The view of the Divine Essence would not only unveil in part the relations of God with creation, it would also enable us, as far as given to the creature, to penetrate the mystery of the divine life itself, to see how the divine substance is common to the three infinite and equal Persons, who form only one and the same Divinity.”—pp. 266-270.
We see in this answer a satisfactory refutation of the objection, but the author, we hope, will pardon us, if we say we also find in it some looseness of expression, and some inexactness even of thought. Will he forgive us, if we say that he does not appear to us to be fully master of the ontological method, and sometimes speaks as a conceptualist rather than as an intuitionist? The distinction of aspects in God is a distinctio rationis ratiocinata, as say the theologians, not a distinction in re, in our manner of conceiving, not in the manner in which God really exists and is intuitively affirmed to us. The ideas in the Divine mind, which are the types and possibilities of creatures, are not images or representations of the Divine Essence, but that Essence itself, as St. Thomas expressly teaches, when he says :
“Idea in Deo nihil est aliud quiam essentia Dei.” To make them the image of the Divine Essence would, it seems to us, place them in the Word or second Person distinctively, and deny intelligence to the Father and the Holy Ghost. Intelligence and will belong to the essence, the nature, and are, therefore, one in the three Persons of the Godhead. Ideas in the Divine mind are types, not of the Divine Essence, but of existences which God does or may create, and hence St. Thomas says, “Deus simi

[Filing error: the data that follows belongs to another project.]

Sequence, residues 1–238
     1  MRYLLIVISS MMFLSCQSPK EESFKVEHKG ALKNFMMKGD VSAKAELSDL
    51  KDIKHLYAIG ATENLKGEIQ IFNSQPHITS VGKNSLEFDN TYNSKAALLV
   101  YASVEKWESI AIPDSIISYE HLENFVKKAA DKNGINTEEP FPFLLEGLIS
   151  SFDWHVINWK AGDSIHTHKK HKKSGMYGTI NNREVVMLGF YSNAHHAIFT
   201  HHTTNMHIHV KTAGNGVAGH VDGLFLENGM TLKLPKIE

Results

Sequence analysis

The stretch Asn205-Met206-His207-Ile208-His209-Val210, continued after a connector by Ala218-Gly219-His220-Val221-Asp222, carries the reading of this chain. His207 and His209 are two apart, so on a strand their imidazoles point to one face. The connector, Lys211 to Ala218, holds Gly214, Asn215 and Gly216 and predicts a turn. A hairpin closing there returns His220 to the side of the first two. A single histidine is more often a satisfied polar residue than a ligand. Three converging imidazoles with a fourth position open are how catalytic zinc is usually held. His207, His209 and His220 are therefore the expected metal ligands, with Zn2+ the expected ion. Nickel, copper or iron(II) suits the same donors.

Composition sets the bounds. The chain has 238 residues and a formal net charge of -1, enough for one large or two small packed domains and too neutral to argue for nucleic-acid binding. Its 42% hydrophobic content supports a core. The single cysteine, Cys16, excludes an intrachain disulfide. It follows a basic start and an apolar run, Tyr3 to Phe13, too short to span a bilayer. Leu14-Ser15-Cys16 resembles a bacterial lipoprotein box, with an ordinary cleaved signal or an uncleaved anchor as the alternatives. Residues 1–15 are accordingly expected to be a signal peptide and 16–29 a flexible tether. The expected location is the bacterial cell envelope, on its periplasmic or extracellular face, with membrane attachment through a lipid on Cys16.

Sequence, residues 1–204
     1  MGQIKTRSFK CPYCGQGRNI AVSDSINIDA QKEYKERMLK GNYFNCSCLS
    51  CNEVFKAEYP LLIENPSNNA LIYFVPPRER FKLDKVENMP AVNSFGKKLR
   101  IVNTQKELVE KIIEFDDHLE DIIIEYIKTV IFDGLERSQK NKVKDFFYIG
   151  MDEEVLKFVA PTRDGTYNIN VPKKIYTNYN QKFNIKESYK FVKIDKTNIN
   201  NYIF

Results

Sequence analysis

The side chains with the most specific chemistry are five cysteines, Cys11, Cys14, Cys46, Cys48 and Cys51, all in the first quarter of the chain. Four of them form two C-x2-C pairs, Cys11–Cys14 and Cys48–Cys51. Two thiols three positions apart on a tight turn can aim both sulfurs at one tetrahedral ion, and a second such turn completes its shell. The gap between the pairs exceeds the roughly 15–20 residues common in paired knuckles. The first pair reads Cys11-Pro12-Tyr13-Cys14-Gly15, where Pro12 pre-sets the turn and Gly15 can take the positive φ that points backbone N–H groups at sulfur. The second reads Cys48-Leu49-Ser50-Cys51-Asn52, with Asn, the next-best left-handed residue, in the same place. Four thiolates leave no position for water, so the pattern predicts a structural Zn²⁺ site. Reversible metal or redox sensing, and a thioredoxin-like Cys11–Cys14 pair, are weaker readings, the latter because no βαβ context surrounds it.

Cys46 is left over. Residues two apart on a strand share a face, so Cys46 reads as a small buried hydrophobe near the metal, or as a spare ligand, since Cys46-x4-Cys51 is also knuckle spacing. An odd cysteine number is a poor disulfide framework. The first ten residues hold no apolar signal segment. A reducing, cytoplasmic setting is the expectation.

litudo est rerum omnium.” The Divine intelligence is not representative of the Divine Essence, but is that essence itself. This is the doctrine the learned author holds as well as we, and is the same sense in which he says St. Augustine and the Christian Fathers generally understood Plato against Aristotle and some others who pretend that Plato held ideas to be separate individual existences. The real answer to the objection is not that we do not intuitively apprehend the essence of God, for in God no distinction between his essence and his existence,-his essentia and his esse, -is admissible, but that we see his essence only extrinsically, only in its relation to creatures, not intrinsically, as it is in itself; and therefore we are quite willing to say that we see God only in seeing his works, as in external vision we see the light only in seeing the objects it illumines and renders visible. The ideal formula-Ens creat existentias-contains indeed the three terms of a judgment, subject, predicate and copula ; but the three terms are not given distinctly, in three separate intuitions ; they are given as a synthesis in one and the same intuition. God-Ens-is given not alone, but as the subject of the predicate, existentias or creation. Now the view of God as the subject of the predicate creature,—a predicate joined to him by his own free voluntary act ad extra, placing or creating it, can hardly be confounded with that intrinsic view of God as he is in himself, in his own interior life and being enjoyed as their reward by the Saints in heaven. If the ideal formula be accepted, we see God, in natural intuition, only as the subject of the predicate, and therefore only in conjunction with the creatures placed and illumined by the light of his own being. This is the way we understand our natural intuition of God, and it seems to us to harmonize perfectly with the teachings of St. Paul. Understanding now that real and necessary being, though intuitively given, is distinguished from tbe other two terms of the formula, and proved to be God, only discursively, or by reflection and reasoning, we cannot for the life of us see any reason why the discursionists should hesitate to adopt the intuitive method, or why they should wish to keep up any longer a controversy with the ontologists. Every theologian, however psychologically inclined, is obliged, the very moment he comes to set forth and explain theology, natural or supernatural, to adopt the ontological method, and all great theologians, as M. Maret proves in the volume before us, have been avowedly ontologists.